adults and are therefore subject to fewer bone fractures. However, internal organ injuries in the absence of fractures of the overlying bones, in the chest or upper abdomen for example, are not uncommon. Visual 3.35 Special Considerations in Children Mechanisms of Injury Thermoregulation. The less mature thermoregulatory mechanism in children and higher surface area-to-mass ratio compared to adults make heat loss and hypothermia more common in the pediatric population, particularly during exposure to extreme conditions, such as cold weather, decontamination with cold water during biochemical events, or when undressed at triage.

Blood loss. As children have relatively small amounts of blood, what may seem to be minor bleeding may in effect represent a significant volume loss and severe shock. Their cardiovascular system is generally free of chronic disabling conditions, therefore, children may tolerate hypovolemic stress better than adults. Visual 3.36 Special Considerations in Children Mechanisms of Injury Emotional trauma. In addition to physical injuries, emotional trauma, caused for example by separation from the parents, is an important factor in pediatric care.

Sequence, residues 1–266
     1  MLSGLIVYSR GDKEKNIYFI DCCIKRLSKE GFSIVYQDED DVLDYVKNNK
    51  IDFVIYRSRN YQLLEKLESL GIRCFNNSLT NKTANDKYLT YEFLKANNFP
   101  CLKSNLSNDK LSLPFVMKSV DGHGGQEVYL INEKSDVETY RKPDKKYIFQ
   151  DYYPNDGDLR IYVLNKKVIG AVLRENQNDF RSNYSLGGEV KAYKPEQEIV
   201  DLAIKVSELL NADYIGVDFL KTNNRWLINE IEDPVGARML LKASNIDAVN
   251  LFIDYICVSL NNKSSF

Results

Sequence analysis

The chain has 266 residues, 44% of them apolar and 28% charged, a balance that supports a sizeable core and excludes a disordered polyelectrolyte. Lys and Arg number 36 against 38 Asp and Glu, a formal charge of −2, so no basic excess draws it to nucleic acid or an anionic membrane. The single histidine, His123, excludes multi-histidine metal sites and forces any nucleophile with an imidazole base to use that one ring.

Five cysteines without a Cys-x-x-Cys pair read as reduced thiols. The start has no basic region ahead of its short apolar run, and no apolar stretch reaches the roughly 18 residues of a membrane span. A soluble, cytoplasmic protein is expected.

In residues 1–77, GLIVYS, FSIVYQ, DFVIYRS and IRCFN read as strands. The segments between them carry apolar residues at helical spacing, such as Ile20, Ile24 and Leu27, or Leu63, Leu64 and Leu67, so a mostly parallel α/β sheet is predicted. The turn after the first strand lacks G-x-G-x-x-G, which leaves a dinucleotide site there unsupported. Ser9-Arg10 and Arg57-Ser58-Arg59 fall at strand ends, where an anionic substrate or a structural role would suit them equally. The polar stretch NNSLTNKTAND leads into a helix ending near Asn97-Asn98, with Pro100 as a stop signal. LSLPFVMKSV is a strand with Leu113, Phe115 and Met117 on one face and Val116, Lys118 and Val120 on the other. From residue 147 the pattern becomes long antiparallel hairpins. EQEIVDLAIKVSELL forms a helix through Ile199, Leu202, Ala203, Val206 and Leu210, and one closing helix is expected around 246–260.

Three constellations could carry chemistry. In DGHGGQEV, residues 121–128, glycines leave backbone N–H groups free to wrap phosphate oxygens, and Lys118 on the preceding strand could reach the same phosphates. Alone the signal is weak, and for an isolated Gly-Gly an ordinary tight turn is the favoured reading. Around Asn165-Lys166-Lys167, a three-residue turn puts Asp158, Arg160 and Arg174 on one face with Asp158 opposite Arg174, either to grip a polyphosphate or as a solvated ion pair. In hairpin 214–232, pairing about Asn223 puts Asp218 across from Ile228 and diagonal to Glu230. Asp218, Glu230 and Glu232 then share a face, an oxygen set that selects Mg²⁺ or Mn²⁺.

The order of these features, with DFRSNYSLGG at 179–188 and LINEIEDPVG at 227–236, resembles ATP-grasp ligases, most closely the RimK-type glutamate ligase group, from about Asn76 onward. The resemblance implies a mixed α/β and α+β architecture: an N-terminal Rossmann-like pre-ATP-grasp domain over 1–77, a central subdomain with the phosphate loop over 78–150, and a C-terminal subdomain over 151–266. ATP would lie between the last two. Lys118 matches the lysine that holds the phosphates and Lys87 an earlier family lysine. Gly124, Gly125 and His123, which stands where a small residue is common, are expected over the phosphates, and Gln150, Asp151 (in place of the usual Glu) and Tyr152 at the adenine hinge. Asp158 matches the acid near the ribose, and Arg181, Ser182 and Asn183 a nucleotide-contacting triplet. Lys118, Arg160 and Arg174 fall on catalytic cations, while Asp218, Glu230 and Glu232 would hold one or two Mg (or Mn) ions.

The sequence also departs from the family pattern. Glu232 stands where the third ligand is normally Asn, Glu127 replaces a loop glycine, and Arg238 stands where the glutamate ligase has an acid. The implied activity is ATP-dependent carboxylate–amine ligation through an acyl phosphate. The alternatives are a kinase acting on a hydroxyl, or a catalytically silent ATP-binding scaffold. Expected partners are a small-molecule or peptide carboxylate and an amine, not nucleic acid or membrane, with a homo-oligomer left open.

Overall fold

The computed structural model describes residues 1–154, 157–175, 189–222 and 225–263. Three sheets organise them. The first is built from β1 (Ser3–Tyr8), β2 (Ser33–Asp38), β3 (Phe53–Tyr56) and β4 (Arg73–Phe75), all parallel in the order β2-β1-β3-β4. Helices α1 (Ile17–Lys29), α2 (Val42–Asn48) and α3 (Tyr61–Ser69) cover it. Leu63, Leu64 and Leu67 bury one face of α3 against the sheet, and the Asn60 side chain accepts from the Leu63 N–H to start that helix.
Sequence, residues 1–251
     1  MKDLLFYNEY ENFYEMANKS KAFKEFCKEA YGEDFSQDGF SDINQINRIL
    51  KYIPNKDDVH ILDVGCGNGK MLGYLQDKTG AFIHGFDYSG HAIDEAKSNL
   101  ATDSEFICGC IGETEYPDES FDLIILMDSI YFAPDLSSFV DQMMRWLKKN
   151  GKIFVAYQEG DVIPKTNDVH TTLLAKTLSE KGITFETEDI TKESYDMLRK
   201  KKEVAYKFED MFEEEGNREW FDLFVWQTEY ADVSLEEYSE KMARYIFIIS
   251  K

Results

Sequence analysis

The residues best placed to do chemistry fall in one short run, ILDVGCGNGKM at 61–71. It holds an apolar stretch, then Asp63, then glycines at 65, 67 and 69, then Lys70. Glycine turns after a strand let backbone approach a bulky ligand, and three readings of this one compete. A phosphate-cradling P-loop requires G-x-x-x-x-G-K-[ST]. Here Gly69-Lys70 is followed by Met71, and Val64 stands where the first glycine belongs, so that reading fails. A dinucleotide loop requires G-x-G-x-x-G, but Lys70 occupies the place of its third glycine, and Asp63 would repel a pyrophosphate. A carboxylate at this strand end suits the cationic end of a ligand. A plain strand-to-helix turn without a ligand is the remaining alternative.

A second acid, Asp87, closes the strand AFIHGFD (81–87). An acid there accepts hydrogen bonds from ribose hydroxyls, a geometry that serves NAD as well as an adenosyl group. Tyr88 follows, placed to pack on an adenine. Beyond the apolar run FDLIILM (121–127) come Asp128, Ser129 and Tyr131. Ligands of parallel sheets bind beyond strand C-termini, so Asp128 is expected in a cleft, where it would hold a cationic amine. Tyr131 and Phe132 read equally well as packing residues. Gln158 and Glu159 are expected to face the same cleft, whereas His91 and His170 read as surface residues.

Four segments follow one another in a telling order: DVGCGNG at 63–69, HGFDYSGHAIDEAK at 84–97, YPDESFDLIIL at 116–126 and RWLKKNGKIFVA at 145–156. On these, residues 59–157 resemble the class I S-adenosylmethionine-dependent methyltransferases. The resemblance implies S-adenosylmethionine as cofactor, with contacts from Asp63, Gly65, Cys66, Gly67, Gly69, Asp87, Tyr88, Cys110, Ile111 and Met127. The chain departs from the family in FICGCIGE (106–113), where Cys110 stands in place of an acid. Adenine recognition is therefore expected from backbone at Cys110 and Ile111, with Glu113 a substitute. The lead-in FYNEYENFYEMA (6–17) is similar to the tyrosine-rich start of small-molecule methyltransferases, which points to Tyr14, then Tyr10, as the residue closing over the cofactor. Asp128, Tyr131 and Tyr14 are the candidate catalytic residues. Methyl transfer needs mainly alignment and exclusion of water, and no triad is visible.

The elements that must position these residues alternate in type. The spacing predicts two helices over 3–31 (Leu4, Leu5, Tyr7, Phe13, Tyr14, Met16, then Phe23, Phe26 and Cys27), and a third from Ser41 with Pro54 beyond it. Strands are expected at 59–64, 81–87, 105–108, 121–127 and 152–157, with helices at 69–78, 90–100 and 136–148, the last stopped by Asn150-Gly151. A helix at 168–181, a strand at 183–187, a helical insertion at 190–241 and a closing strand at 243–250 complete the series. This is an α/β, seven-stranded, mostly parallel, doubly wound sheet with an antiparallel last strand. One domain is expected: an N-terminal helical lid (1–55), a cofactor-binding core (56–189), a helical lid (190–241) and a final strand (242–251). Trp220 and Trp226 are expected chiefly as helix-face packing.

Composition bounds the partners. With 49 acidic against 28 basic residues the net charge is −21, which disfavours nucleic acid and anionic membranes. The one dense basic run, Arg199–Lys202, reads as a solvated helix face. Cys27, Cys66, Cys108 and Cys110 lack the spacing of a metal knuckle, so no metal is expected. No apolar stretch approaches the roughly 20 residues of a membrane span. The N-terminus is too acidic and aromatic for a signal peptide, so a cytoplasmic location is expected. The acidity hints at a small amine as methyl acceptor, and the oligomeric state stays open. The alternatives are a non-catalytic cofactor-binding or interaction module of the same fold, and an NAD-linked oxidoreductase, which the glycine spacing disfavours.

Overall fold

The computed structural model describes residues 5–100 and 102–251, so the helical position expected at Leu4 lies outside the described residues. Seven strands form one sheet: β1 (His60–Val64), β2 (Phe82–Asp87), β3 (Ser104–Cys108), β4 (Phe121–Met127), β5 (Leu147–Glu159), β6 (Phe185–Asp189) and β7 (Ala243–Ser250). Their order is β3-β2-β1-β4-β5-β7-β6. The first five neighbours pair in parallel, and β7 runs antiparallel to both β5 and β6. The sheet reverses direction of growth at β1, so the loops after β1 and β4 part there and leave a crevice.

Visual 3.37 Special Considerations in Children Prognosis Children tolerate multiple organ injuries better than adults, and prognosis usually depends on the severity of the head injury, if present. Children have a better prognosis for most, if not all, disaster-related conditions. An apneic child is more likely to have a primary respiratory problem than an adult. Perfusion may be maintained for a short time and the child may be salvageable. Visual 3.38

Modification for non-ambulatory children WHO Infants who normally cant walk yet Children with developmental delay Children with acute injuries preventing them from walking before the incident Children with chronic disabilities Visual 3.39 Modification for non-ambulatory children Evaluate using the JumpSTART algorithm

RED if any RED criteria GREEN if no significant external injury YELLOW if significant external signs of injury are found (i.e. deep penetrating wounds, severe bleeding, severe burns, amputations, distended tender abdomen) Visual 3.40 Children with Disabilities Patients limitations in ambulation, communication and differentiation between acute and chronic neurological conditions are the